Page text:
Your last two paragraphs speak volumes for so many Seattle families, "...this is the kind of discussion I long to have about public education. But we have to spend a lot of our time worrying about things like transportation issues, facilities issues, a revolving door of senior management, poor audits and so on."

Every time it seems like we can finally catch our breaths and focus on our kid's learning, something hits the fan like the transportation issue. The Operation's minutes said that there were very few changes being recommended in the transportation plan for next year, so this was no longer on our radars as an issue to track, until it was suddenly sprung on us without warning. Thankfully, parents stood up and spoke up with force that made a difference (and it would not have happened without all of our voices!).

Yes, I do look forward to the days that we can all focus on the learning part of our kid's education once again- sadly, the last time I recall that dream was before the original school closings, how many years ago, when this blog first started?.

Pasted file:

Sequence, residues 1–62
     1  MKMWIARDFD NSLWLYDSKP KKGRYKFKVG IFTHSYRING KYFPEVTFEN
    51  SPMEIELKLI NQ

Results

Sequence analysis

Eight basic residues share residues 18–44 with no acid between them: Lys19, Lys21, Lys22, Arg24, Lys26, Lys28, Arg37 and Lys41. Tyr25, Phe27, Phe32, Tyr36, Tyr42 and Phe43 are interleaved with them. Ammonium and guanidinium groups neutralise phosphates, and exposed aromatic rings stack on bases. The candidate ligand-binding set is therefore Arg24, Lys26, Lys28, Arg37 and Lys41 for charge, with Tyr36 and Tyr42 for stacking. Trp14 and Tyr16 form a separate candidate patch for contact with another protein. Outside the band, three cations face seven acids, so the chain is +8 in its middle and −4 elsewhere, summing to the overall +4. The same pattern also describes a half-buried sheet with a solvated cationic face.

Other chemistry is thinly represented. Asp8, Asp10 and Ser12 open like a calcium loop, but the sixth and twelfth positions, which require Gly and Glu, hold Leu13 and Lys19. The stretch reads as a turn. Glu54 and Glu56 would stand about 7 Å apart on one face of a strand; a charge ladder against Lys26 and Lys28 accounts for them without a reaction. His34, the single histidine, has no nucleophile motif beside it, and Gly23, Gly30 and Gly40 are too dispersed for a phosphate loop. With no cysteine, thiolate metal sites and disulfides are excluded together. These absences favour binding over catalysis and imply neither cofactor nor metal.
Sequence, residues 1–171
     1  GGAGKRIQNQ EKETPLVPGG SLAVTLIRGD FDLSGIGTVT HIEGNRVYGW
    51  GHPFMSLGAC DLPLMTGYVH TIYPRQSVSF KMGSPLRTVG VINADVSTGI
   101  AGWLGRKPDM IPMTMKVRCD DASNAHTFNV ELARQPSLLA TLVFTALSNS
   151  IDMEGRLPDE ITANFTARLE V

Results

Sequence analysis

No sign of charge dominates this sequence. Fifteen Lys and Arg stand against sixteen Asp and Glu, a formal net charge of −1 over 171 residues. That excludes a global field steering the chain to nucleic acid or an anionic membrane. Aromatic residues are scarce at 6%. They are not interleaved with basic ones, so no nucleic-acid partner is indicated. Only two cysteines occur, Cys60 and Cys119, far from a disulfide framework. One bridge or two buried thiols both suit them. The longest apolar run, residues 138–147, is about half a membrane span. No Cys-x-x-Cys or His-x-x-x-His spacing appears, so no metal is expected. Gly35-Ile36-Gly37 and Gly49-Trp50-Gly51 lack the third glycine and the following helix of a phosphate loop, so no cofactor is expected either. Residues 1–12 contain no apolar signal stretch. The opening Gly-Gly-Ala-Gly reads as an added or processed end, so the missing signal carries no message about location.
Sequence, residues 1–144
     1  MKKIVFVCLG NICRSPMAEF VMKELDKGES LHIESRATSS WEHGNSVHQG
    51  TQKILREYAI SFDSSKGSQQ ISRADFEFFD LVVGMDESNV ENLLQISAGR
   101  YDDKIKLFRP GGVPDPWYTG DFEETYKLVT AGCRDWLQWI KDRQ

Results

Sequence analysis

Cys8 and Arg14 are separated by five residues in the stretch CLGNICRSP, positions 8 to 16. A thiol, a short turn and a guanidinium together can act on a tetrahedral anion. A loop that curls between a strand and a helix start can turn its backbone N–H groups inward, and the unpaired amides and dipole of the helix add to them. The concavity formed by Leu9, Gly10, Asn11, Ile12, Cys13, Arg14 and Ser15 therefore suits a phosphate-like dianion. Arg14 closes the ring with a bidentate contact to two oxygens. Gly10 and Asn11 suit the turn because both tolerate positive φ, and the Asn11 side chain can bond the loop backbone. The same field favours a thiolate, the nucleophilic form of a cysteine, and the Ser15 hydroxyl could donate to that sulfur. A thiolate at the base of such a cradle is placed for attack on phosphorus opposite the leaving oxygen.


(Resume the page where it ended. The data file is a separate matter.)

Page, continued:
My hopes are also with new leadership...

Sahila said...

Well, if its up to Melinda Gates apparently, our children will not learn to think, never mind to think critically about civics:

Happy Mother’s Day Melinda Gates, Mommie Dearest

and maybe, that's the way the oligarchs like it....

Jan said...

This is a minor quibble, I guess. But, if Mr. Hutchins is reading this -- I am having a hard time with the "Civics for All" name. This is probably specific to Seattle (and maybe specific to just me, in which case it should be ignored) -- but the name of the famous MGJ Strategic Plan, the plan that ignored SE schools, imposed MAP, imposed aligned curriculum across all schools, etc., was "Excellence for All." Maybe it still IS titled that, but since everyone seems to be ignoring it these days, and no reports have ever been forthcoming -- who knows.

When I read this post, I had sort of an immediate negative impression that certainly wasn't justified by the topic or the substance of the post. When I thought about it for a minute, I realized that it was the similarity between the initiative's name and MGJ's strategic plan name. That plan (in terms of implementation) was so horrible, and so detrimental to our schools, it makes me want to gag and run from the room.

If you ever decide you want to rename it, there is one more (small maybe, but real to me) reason for doing so.